Figure 3 shows the SEM images of the as-obtained NPM 1# (a), NPM 2# (b), and NPM 3# (c). All the samples exhibit an open, three-dimensional, ligament-channel nanoporous structure, indicating that NPMs can be obtained by dealloying the P20 metallic glasses with a Pd content ranging within 10–40 at%. NPM 1# contains a rather coarse nanoporous structure, as is evidenced by the inhomogeneous pores with a size ranging within 5–200 nm and ligaments with a width of 7-8 nm. The increase of the Pd content to 20 at% in the metallic glass results in a refined nanostructure in NPM 2#, where nanopores of 10–20 nm and metallic ligaments of 7-8 nm are homogenously dispersed. The finer structure may be attributed to the combination of relatively low dealloying overpotential and short dealloying time. Lower overpotential usually leads to higher activation energy for the diffusion of the noble element and thus improves the fine nanostructure in the NPM 2# [5, 12]. The short dealloying time is another important factor. Since the dealloying time is relatively short, the diffusion distance of Pd is limited. Thus, large pores and ligaments can barely form. Similar with NPM 1#, NPM 3# exhibits a coarse microstructure with nanopores ranging within 10–100 nm and metallic ligaments within 10–50 nm. The coarsening of NPM 3# may be caused by the much longer dealloying time. The dealloying kinetic of Pd40Ni40P20 is the lowest among the glasses in this study and longer dealloying time is required to fully dealloy the Pd40Ni40P20 glass. In the located areas where the selective cession is complete, pure coarsening of the ligaments takes place and leads to located collapse. The morphology of NPM 3#, thus, becomes coarse and inhomogeneous.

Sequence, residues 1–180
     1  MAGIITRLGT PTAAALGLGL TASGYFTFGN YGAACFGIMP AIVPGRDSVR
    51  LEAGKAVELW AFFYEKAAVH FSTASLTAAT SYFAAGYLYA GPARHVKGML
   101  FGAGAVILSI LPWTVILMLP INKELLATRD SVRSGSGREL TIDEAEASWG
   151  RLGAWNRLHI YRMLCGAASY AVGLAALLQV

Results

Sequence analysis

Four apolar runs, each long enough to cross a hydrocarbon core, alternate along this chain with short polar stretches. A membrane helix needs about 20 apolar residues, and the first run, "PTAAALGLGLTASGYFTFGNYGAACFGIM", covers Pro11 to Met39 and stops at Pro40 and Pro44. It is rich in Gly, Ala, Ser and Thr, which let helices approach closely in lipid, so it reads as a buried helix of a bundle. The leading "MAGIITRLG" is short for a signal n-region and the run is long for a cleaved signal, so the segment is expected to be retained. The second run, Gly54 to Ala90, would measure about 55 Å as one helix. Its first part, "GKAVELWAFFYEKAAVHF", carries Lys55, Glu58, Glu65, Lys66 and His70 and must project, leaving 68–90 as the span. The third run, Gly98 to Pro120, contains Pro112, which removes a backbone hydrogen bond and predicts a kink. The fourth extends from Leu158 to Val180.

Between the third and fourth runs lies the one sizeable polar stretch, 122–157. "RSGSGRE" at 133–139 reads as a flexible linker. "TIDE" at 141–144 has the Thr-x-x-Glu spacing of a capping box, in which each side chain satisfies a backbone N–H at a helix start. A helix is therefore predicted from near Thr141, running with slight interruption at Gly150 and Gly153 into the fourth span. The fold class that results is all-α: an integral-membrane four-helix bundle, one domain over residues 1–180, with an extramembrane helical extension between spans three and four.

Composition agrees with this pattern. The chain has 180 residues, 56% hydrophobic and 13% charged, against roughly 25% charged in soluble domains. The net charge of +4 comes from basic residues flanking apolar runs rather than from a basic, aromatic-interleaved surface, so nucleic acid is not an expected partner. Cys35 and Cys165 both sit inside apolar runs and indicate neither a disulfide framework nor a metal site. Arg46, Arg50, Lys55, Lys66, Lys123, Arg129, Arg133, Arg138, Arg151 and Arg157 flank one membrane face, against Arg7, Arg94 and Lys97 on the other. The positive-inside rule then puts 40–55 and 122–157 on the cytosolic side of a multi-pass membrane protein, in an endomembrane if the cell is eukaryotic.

The chemical compositions of the NPMs measured by EDS are summarized in Table 1. The results show that all the NPMs are mainly composed of Pd, together with a small amount of Ni and P, indicating that Pd-based NPMs are obtained. The preservation of much positive Ni and P elements in porous Pd can be explained by the core-shell structure which forms during dealloying [13]. When the positive elements (Ni and P) dissolve, the inert Pd atoms will be liberated and accumulated on the surface of the ligaments, forming a Pd or Pd-rich shell. If the applied dealloying potential is lower than the critical dealloying potential of the newly formed shell, no further dissolution is possible. Both Ni and P residuals in NPMs decrease with the increasing Pd content in P20 metallic glasses; that is, Ni decreases from 5.94 at% in NPM 1# to 3.00 at% in NPM 3#, and P goes down from 4.1 at% NPM 1# to 2.00 at% in NPM 3# when the Pd content in the glass precursors increases from 10 to 40 at%.

SamplesPd (at%)Ni (at%)P (at%)

NPM 1#89.545.944.1
NPM 2#90.743.555.71
NPM 3#

The electrocatalytic activities of the as-prepared NPMs towards glucose electrooxidation were characterized by CV curves in 0.1 M KOH alkaline aqueous solutions with and without 50 mM of glucose (Figure 4). In 0.1 M KOH + 50 mM glucose solutions, all the NPMs exhibit a sharp current density peak at the potential range from −0.10 V to −0.03 V, which cannot be detected in pure KOH solution. According to the former related reports, the current peak is associated to the absorption of OH−1 and the oxidation of glucose and intermediate [14], indicating that the NPMs prepared by dealloying the P20 metallic glasses have catalytic activity towards the electrochemical oxidation of glucose. The current density/the potential of oxidation peak of NPM 1#, NPM 2# and NPM 3# are about 16.3 mA·cm−2/−0.03 V, 20.9 mA·cm−2/−0.1 V and 4 mA·cm−2/−0.03 V, respectively. Clearly, NPM 2# with the smallest pore size shows the highest oxidation current density and the lowest oxidation potential. Similar phenomenon has been found in other NPMs. For instance, Ge et al. studied the size effect of NPAu for methanol electrooxidation. They found that the smaller pore and ligament size leads to higher electrooxidation activity, consistent with our results [3].